With serialization, a class can provide the ObjectInputStream parameter to readObject with an ObjectInputValidation interface implementer to indicate a desire to perform validation after an object is fully restored. The interface consists of a single method: public void validateObject() throws InvalidObjectException. When implemented, the class's readObject method must register the validator with the ObjectInputStream through registerValidation(ObjectInputValidation, int), the last argument of which is the validator priority, in case there are multiple (higher values are called first):



private void readObject(ObjectInputStream ois)
  throws ClassNotFoundException, IOException {
  ...
  ois.registerValidation(validator, 0);
  ...
}
 


To demonstrate, the following class uses validation. If either of the two instance variables is the number 6 the read will fail. The test program, ValidationExample, gets the value for the two instance variables from the command line.

import java.io.*;

public class ValidationExample 
  implements Serializable, ObjectInputValidation {
  private int x, y;
  public static void main(
  String args[]) throws Exception {

  if (args.length != 2) {
  System.err.println(
  "Please pass in two numbers");
  System.exit(-1);
  }

  // Initialize object
  ValidationExample ve = new ValidationExample();
  try {
  ve.x = Integer.parseInt(args[0]);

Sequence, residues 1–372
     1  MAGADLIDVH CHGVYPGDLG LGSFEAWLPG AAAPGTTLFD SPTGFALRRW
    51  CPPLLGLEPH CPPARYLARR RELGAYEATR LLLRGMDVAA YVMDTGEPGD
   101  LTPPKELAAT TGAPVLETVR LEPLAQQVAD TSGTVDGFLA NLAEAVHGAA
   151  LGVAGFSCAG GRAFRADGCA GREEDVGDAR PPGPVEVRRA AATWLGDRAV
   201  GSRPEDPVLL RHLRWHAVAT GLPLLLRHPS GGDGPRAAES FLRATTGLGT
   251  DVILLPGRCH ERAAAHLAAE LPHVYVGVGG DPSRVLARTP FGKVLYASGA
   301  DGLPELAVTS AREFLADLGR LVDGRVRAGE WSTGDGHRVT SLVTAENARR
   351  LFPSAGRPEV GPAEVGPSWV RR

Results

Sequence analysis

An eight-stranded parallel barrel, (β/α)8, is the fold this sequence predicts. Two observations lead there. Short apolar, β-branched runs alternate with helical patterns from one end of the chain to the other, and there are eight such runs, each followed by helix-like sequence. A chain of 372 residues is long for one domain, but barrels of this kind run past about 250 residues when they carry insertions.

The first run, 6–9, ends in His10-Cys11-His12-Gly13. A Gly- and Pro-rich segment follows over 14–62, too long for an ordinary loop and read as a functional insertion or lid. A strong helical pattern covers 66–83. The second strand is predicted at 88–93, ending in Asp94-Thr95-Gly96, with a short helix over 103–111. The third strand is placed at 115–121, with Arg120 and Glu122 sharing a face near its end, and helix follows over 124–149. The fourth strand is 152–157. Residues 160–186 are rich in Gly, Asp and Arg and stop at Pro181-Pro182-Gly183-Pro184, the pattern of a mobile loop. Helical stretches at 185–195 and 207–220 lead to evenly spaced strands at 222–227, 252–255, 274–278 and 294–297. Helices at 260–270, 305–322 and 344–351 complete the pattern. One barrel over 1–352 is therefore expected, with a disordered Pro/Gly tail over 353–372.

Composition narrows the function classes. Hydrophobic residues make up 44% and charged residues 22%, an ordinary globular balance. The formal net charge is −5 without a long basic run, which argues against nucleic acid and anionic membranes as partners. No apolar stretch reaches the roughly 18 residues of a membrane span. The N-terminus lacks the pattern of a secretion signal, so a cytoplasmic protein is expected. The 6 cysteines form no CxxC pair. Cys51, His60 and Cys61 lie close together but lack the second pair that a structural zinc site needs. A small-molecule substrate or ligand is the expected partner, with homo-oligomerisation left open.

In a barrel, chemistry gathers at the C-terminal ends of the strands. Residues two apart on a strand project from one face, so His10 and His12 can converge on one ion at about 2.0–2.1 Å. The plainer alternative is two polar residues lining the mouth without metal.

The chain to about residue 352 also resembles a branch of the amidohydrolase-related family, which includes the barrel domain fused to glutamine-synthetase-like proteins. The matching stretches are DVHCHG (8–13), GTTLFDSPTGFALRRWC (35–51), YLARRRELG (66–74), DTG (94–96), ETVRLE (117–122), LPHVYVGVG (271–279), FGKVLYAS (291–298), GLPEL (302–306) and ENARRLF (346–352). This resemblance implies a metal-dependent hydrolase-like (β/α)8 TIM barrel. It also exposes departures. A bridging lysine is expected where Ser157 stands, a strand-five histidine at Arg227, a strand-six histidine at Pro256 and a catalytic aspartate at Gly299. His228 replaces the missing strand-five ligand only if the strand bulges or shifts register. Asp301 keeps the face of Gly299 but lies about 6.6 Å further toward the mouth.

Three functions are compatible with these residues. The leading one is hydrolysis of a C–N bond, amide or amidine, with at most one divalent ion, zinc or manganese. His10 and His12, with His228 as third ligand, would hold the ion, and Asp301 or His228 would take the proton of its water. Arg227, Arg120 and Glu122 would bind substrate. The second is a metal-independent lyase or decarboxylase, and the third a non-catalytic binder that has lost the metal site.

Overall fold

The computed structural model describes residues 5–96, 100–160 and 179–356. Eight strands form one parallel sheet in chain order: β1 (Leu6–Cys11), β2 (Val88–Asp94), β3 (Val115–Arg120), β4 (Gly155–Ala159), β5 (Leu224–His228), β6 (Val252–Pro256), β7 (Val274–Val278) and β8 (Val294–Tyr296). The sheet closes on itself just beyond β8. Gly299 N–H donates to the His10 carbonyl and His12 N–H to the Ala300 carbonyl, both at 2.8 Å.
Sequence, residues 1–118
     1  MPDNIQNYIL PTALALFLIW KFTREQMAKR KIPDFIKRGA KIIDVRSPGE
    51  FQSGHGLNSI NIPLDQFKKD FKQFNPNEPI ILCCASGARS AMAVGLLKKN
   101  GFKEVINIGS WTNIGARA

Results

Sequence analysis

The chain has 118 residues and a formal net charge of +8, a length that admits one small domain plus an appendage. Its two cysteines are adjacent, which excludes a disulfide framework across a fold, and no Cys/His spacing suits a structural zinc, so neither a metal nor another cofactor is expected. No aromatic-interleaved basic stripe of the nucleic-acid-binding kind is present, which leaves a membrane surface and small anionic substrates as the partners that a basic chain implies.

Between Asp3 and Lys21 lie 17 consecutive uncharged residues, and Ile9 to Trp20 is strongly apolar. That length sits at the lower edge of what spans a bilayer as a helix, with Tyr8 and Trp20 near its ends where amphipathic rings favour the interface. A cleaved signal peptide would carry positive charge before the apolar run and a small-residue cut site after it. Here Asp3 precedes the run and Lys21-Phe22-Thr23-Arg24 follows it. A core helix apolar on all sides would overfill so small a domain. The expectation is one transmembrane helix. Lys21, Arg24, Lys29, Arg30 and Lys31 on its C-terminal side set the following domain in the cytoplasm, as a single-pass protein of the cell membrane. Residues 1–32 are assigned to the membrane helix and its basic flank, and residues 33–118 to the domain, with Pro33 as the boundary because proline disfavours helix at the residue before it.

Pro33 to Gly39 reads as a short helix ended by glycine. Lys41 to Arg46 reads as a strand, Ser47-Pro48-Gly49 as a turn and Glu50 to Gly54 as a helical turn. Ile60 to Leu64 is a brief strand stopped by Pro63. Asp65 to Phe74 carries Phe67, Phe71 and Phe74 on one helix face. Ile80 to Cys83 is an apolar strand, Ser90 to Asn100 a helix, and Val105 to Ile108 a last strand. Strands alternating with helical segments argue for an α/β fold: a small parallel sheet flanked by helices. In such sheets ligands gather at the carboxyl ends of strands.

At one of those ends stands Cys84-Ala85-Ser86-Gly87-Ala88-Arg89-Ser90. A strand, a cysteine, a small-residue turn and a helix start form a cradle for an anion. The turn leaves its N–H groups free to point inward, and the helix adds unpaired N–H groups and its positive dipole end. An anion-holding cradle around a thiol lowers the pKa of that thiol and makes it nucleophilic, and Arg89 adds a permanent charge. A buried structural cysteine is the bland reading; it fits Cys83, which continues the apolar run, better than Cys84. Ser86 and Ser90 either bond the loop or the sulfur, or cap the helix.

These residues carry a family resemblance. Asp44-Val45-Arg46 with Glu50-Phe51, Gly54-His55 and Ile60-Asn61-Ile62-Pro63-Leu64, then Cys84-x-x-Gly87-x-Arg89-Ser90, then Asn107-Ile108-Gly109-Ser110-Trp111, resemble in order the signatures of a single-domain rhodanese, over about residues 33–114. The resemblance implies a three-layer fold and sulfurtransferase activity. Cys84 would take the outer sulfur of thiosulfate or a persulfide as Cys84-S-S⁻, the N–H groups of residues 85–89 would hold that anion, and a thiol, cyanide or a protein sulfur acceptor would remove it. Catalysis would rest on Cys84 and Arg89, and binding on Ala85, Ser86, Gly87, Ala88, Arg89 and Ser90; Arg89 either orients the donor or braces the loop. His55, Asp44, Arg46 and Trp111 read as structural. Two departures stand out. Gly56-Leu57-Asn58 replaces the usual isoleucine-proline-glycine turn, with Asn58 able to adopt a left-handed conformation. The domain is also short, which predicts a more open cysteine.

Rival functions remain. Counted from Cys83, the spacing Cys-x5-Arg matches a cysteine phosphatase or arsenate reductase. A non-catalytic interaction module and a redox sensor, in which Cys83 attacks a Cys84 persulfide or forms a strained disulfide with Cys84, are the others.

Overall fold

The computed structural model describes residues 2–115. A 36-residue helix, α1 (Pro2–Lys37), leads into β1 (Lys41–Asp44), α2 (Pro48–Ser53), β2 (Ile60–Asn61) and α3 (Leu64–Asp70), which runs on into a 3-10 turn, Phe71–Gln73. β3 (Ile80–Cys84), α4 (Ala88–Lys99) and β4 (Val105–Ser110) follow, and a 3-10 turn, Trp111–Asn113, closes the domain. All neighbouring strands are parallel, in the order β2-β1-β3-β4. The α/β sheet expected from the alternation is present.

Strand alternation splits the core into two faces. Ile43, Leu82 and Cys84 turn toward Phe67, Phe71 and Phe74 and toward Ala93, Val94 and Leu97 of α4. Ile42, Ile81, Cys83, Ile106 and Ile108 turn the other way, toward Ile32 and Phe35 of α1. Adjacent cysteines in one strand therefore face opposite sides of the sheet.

ve.y = Integer.parseInt(args[1]);
  } catch (NumberFormatException e) {
  System.err.println(
  "Please pass in two numbers");
  System.exit(-1);
  }

  FileOutputStream fos =
  new FileOutputStream("val.ser");
  ObjectOutputStream oos =
  new ObjectOutputStream(fos);
  oos.writeObject(ve);
  oos.close();

  try {
  FileInputStream fis = 
  new FileInputStream("val.ser");
  ObjectInputStream ois =
  new ObjectInputStream(fis);
  ValidationExample ve2 =
  (ValidationExample)ois.readObject();
  ois.close();
  System.out.println(ve2);
  } catch (InvalidObjectException invalid) {
  System.err.println(invalid.getMessage());
  }
  }

  public String toString() {
  return getClass().getName(
  ) + "[x=" + x + ",y=" + y + "]";
  }

  private void readObject(ObjectInputStream ois)
  throws ClassNotFoundException,
  IOException {
  ois.registerValidation(this, 0);
  ois.defaultReadObject();
  }

  public void validateObject() 
  throws InvalidObjectException {
  if ((x == 6) || (y == 6)) {
  throw new InvalidObjectException(
  "6 is an invalid entry. Can't restore.");
  }
  }
}
 


Using ObjectStreamField: There are two ways to define what fields get streamed when an object is serialized. By default, every non-static and non-transient field is preserved. However, if your class defines an array of ObjectStreamField objects named serialPersistentFields (that happens to be private, static, and final), then you can explicitly declare the specific fields saved. The order you place fields in the array is the order in which they are written. For instance, in the following class, only the username and counter fields are serialized, not the password.



public class MyClass implements Serializable {
  private String username;
  private int counter;
  private String password;

  private final static ObjectStreamField[]
  serialPersistentFields = {
  new ObjectStreamField(
  "username", String.class),
  new ObjectStreamField("counter", int.class)
  };
  ...
}
 


By default, no customization of readObject and writeObject is necessary when you provide a serialPersistentFields setting.

Where serialPersistentFields becomes useful is in class evolution. For instance, imagine the original version of a class with two fields:

Point point;
Dimension dimension;
 


Now, imagine version two of the class with only one field:

Rectangle rectangle;